What happens when a star inches towards the end of its remarkable life?
That depends on the star’s mass. Really massive stars (10 – 25 times heavier than our Sun) use up their hydrogen fuel rapidly. Once there is no fuel left, the star collapses and the outer layers explode in a spectacular event called a “supernova”. What’s leftover is a neutron star – the collapsed core of the star – or, if there’s sufficient mass (more than 3 times of our Sun), a black hole.
One of the densest objects in the Universe, a black hole has such an immense gravitational pull that not even light can escape its grasp. But not all black holes are indeed black. Buried deep and tucked away in the core of distant galaxies, supermassive black holes, with a mass on the order of millions to billions of times the mass of the Sun, can outshine the rest of the galaxy.
But despite its “brightness”, detecting these supermassive black holes has been challenging as astronomers need to use a multitude of complex methods unique to different types of telescopes.
Now, astronomers at the University of Western Australia (UWA) node of the International Centre for Radio Astronomy (ICRAR) have got better at finding these “bright black holes” at the centres of millions of galaxies and measuring how much matter they are sucking in.
Finding out how supermassive black holes kill galaxies.
Since childhood, Dr Sabine Bellstedt has been fascinated by physics and its ability to explain the world around her. Now an observational astronomer at ICRAR and one of Science & Technology Australia’s 2021/22 Superstars of STEM, Dr Bellstedt has broken new ground on the search for bright black holes at the centre of galaxies, otherwise known as “active galactic nuclei”, or AGN. Published in a paper led by her PhD student Jessica Thorne, the “spectral energy distribution” technique, which is previously used to measure the various properties and histories of stars by determining the relative brightness of a galaxy across different parts of the electromagnetic spectrum, can also be applied to spot AGN.
A mosaic of some of the galaxies involved in the study. Photo credits: Galaxy and Mass Assembly (GAMA) Survey Team-ICRAR/UWA, and the KiDS and VIKING Teams.
Using this technique, the research team can identify black holes from typical telescope observations that already exist for millions of galaxies. On the importance of studying such bright black holes, Dr Bellstedt explained: “They’re at the scale where they are so bright as to outshine the galaxy they live in, which means that if we don’t take them into account, then how we study their galaxies won’t be right.”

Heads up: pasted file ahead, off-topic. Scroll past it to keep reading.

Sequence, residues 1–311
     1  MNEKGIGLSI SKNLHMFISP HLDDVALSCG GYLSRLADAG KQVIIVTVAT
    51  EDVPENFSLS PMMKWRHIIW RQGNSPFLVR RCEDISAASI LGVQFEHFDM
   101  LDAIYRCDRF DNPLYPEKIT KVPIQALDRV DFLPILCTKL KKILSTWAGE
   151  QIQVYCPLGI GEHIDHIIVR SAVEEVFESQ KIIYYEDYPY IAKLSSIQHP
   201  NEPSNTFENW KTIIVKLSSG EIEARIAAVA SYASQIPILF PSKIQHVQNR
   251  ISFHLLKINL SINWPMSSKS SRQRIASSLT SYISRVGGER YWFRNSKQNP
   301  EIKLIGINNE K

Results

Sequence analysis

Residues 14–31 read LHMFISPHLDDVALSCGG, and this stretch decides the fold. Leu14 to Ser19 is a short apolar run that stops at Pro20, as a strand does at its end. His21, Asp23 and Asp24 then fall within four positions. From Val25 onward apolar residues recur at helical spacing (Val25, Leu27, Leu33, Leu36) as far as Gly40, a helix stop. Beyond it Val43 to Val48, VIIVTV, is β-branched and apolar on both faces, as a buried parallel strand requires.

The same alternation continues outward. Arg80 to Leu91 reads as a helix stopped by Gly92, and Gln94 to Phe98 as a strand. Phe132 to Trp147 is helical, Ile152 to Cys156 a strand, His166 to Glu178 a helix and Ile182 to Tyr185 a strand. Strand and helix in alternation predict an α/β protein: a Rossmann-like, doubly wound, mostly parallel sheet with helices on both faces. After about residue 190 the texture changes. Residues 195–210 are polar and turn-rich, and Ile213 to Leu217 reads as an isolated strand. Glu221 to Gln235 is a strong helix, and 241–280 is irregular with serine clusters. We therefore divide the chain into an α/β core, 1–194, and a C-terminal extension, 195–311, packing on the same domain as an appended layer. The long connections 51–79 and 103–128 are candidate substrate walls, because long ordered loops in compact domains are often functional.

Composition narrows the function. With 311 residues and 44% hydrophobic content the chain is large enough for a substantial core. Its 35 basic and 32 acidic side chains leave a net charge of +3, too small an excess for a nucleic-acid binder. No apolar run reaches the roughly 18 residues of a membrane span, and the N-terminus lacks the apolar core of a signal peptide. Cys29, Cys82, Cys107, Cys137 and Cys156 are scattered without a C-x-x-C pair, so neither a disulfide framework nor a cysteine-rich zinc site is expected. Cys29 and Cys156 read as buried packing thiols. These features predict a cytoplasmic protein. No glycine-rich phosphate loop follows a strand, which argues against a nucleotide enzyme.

“Galaxies, the backbone of the Universe, can tell us how the Universe has evolved with time: when the stars formed, and how matter has coalesced with time,” said Dr Bellstedt. “AGN have been a big complication in studying distant galaxies and with this work, we can start studying the AGN and the galaxies in tandem – letting us tackle the question of how AGN have shut down star formation in our Universe.”
Supercomputers turbocharge the search for AGN.
Over 75,000 AGNs were identified and quantified from around 700,000 galaxies, bringing together observations from some of the best ground and space-based telescopes such as the SKA precursors MeerKAT and ASKAP, and X-ray space observatory XMM-Newton.
And these massive findings won’t be possible without the data-crunching capabilities of supercomputers. “To learn about the Universe as a whole, we can’t just study a handful of galaxies – the samples that we look at run into the hundreds of thousands of galaxies,” added Dr Bellstedt. “For each of these objects, we need to run careful modelling of all their components so that we can replicate their light in many wavelengths and measure their properties.”
Naturally, if researchers want to study more aspects of a galaxy, the modelling process would consume much more time. According to Dr Bellstedt, the most efficient modelling takes 10 minutes per galaxy, and to explore a single model would require tens of thousands of CPU hours. To further perfect the model for maximal scientific output, they’d need to run the process many times. “Supercomputing accessibility means that what was once possible for only small samples of galaxies can now be accomplished for all galaxies for which we have data – a number that will only rise in the future!” added Dr Bellstedt.
Solving the mysteries of the Universe.
Moving forward, Dr Bellstedt has plenty of other fun astronomy research planned out now that the bright black holes have been accounted for. From investigating how galaxy properties evolve when there’s a black hole wreaking havoc at the centre of it, to linking what they’ve learnt in the optical and infrared wavelengths to what radio astronomers observe, as well as predicting how bright black holes are in the X-ray, many mysteries of the Universe will be unravelled as astronomy tools advance the speed of data collection in the coming years.
Commenting on the launch of the James Webb Space Telescope (JWST), Dr Bellstedt said: “I’m looking forward to capturing some of the detail that we currently have of nearby galaxies in the optical wavelengths, with very distant galaxies in the longer infrared wavelengths that JWST can see. I hope that one day I could unwrap JWST data and apply the tools we’ve developed to them – perhaps even to measure their black holes!!”